Not so long ago, autoindustry whispers rather than predictions, forewarning of the slow death of Fiat, joined more recently by trouble-struck Peugeot Citroën, have proved overly pessimistic. Likewise, albeit after first biting the bullet and declaring itself bankrupt, previously woe-struck Chrysler also bounced back from the brink. Add GM and Ford to this list, and earlier still, Japan’s Nissan and Germany’s tradition-laden Porsche and Britain’s Jaguar, and what you’ve got is a pattern.
With few recent exceptions such as Sweden’s SAAB and Britain's MG Rover, the world’s carmakers, almost regardless of their woes, have developed a remarkable knack of keeping the undertakers waiting.
More startling still, after standing at death’s door with seemingly little real chance of staging a lasting comeback, today’s carmakers appear blessed by cats’ uncanny skills of survival.
Cast your mind back to the lifting of the iron curtain.
Few industry visionaries would have envisaged that the Czech-Republic’s Škoda and Romania’s Dacia – as car brands - would survive, let alone flourish.
At the time, the widely shared view was that these carmakers - based in former Soviet Bloc countries, building technologically outdated cars of ancient designs at decaying labour-intensive factories - simply couldn’t survive.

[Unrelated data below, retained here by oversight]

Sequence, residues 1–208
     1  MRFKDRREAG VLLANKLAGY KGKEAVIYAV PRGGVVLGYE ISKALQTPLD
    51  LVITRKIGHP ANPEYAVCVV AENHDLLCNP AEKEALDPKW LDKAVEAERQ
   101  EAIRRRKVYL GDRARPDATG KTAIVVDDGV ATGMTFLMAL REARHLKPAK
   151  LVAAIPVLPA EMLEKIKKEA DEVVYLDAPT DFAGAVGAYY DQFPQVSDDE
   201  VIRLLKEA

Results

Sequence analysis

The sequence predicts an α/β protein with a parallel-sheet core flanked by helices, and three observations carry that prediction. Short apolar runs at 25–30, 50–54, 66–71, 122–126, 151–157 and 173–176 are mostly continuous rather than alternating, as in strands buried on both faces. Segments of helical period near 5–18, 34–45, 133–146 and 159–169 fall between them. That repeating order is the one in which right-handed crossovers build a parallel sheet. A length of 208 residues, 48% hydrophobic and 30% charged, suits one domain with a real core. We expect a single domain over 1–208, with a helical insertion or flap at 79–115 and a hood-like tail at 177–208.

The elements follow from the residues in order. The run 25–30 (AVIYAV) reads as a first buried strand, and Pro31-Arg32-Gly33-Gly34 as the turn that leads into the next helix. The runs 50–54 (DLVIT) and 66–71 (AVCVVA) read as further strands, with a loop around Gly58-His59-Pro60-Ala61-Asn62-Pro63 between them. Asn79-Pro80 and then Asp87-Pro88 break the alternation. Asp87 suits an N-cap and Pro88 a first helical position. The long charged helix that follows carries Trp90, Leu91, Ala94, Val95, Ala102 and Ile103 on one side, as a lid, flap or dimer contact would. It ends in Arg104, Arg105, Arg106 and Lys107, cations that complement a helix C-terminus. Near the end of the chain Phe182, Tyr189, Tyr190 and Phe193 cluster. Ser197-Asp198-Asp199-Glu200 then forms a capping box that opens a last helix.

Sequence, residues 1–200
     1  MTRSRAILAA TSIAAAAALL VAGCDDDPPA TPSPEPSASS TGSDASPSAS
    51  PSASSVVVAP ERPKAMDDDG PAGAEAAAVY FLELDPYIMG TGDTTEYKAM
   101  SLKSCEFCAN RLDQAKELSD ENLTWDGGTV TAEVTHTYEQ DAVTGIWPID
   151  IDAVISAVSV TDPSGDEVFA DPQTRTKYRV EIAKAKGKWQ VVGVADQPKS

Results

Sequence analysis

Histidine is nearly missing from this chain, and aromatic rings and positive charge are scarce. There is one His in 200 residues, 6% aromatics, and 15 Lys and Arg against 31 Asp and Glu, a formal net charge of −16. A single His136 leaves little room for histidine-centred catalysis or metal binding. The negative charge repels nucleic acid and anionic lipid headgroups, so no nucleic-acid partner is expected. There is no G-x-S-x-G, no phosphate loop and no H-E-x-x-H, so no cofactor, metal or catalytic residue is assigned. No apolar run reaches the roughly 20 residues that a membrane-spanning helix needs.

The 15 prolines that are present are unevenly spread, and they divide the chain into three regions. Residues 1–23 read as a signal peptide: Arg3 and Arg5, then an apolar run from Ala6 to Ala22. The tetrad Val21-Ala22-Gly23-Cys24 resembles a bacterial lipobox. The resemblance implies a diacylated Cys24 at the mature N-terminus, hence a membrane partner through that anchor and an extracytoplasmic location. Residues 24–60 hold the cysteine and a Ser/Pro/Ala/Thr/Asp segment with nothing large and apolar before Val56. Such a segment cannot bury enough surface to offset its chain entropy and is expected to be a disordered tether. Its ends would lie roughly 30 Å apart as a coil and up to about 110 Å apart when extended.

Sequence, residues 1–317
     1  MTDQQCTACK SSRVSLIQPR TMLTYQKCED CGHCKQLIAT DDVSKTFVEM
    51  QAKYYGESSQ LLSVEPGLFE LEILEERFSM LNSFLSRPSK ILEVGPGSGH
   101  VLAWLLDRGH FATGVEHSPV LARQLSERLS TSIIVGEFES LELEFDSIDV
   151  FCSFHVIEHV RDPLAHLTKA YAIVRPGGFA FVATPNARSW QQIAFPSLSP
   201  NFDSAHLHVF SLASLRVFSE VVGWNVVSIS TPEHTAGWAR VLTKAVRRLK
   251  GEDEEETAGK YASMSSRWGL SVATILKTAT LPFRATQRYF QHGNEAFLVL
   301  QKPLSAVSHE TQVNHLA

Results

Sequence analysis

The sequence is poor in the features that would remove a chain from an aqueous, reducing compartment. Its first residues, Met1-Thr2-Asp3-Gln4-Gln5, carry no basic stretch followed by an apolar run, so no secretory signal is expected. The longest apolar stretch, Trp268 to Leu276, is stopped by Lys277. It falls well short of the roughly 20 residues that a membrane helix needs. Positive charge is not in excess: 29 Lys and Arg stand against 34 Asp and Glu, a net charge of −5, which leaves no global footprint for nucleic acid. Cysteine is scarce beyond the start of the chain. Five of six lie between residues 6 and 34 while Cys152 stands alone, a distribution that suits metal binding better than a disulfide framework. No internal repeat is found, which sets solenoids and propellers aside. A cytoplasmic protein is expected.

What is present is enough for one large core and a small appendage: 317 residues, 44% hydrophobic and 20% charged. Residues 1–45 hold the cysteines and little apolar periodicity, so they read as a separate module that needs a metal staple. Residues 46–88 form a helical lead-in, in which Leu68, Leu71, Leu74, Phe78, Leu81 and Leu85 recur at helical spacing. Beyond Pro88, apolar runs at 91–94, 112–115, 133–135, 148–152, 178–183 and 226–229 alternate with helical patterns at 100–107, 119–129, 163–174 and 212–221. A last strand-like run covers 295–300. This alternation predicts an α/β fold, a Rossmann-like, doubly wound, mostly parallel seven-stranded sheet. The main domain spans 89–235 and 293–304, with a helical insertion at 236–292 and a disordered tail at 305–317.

A stark reminder that most industries of former Soviet bloc countries were uncompetitive when exposed to the rigours of a market-driven economy.
Today, in Western car markets, the perceived image of a brand counts more than ever.
In retrospect, given their downtrodden image at the time, what realistic chance was there for Škoda and particularly Dacia to live another day?
Instead of opting for re-branding, both Volkswagen’s and Renault’s visionaries took on the challenge.
The subsequent commercial success of Škoda and Dacia - not just in terms of global sales volumes, but particularly in terms of profitability - is bound to serve generations of business students.
Doubtless, these intriguing automotive case studies will round off their management education.
Broad brush, admittedly, and despite life-threatening initial difficulties, these companies were nursed back to health on the strength of amazing management skill.
To name but a few genuine giants: Carlos Ghosn, VW’s Ferdinand Piëch
and Porsche’s former CEO Wendelin Wiedeking.
Thanks to their undeniable genius, tireless energy and fanaticism, these ‘can-do’ giants stand out as legendary autoindustry messiahs.
Almost, if not quite, in the same league: Ford’s former revered chief Alan Mullaly and Fiat’s CEO
Also knocking on this elite club’s door - judged as main architects in restoring credibility and commercial success under their helmsmanship - Daimler’s
Dieter Zetsche and Peugeot’s Carlos Tavares.
Some of these brainy turnaround wizards, thanks to their dogged visions, idiosyncratic personalities, and plain talk, would likely fail the psychological part of your average executive job placement interview.
And yet, while not quiet walking on water - and born out by history - these golden boys, given a free reign, simply shine with their stunning capacity to turn plain water into wine.
More fitting for this industry, make a sow's ear into a silk purse